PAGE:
JACKSONVILLE, Fla. - The death of a Jacksonville Sheriff's Office bailiff who was killed in a suspected DUI crash early Sunday has been a tragic reminder of the dangers of drinking and driving.
It's also renewed the push for stricter laws regarding DUIs.
Kim Johnston has been charged with two counts of DUI with serious bodily injury in the I-95 crash that also left the bailiff's husband, a JSO officer, with critical injuries and their two teenage children with minor injuries.
Those felony charges could put her behind bars for more than 20 years, if she is convicted.
But the I-TEAM spoke with a mother who lost her daughter in a drunk driving crash and thinks the laws for DUI deaths should be harsher.
"I definitely think the laws should be stricter," Debbie Pruett said. "Basically, take a life, get a life."
A drunk driver T-boned Pruett's daughter, Jennifer Kirk, six years ago in Baker County.
"She was doing what she was supposed to do," Pruett said. "She's leaving work, coming to my house to pick up her children."
Kirk's three children are now without a mother. The driver was sentenced to five years behind bars.
This weekend's crash hits close to home, not just for Pruett, but also for DUI defense attorney David Robbins, who knew JSO Bailiff Cathy Adams.
"She was a very helpful, kind woman who wanted to help everybody if they needed it," Robbins said. "She’s going to be missed."
Robbins said it's difficult for everyone involved, including those on the case of the suspected drunk driver.
"The judges are going to feel the pressure. Prosecutors are going to feel a lot more," Robbins said. "The defense lawyers, obviously, are going to feel it."
The Florida Highway Patrol has said more charges might be filed against Johnston.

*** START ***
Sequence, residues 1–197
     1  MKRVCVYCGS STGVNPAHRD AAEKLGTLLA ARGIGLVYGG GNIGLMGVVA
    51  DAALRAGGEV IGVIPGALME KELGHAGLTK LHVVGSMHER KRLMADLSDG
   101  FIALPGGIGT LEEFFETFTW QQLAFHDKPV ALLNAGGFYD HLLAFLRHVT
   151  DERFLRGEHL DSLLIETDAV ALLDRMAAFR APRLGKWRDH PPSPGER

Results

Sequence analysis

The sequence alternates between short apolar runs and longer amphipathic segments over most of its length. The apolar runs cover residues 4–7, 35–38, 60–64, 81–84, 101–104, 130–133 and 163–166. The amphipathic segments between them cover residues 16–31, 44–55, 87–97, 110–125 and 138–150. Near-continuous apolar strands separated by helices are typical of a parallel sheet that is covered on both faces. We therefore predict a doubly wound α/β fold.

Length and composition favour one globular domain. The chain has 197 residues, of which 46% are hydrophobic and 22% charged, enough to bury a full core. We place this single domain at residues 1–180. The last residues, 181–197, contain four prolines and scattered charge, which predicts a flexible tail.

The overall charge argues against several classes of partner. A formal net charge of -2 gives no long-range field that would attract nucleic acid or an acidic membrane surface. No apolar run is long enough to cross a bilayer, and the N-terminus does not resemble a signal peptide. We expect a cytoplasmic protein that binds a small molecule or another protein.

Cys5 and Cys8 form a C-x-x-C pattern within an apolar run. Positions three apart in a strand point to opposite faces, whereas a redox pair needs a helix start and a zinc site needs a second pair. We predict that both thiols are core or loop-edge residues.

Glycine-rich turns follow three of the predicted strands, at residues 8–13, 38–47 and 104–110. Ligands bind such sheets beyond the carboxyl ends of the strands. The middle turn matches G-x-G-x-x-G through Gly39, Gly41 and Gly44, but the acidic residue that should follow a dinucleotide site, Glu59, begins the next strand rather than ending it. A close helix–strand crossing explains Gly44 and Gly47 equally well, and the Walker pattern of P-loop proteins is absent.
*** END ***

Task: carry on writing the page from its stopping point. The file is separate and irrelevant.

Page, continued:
If Johnston is charged with DUI manslaughter and found guilty, she could face up to 15 years, plus up to five years if convicted on the DUI with serious injury for Adams' husband. She could also face an additional one year for each of the couple's children injured, if she is charged and convicted.
While a judge can deviate, that’s a maximum of 22 years in prison.
"Assuming today that she is guilty, she is going to get close to the maximum penalty," Robbins said.
Pruett, still grieving, wants people to realize the consequences of drinking and driving are very real.
"It is a senseless tragedy that has taken place because someone has not taken responsibility behind the wheel," she said.
Pruett is now part of the group called Jax Impact, which takes her daughter's car to schools and other events to show people what could happen.
Johnston's bond was set at $100,000, and she bonded out of jail at 4:15 p.m. Monday.
A state trooper overseeing the case told the I-TEAM that she refused a Breathalyzer and blood test, but investigators asked a judge for a warrant and they used that warrant to require her to give a blood sample, which has been sent to a lab for processing. That could take weeks, potentially longer.
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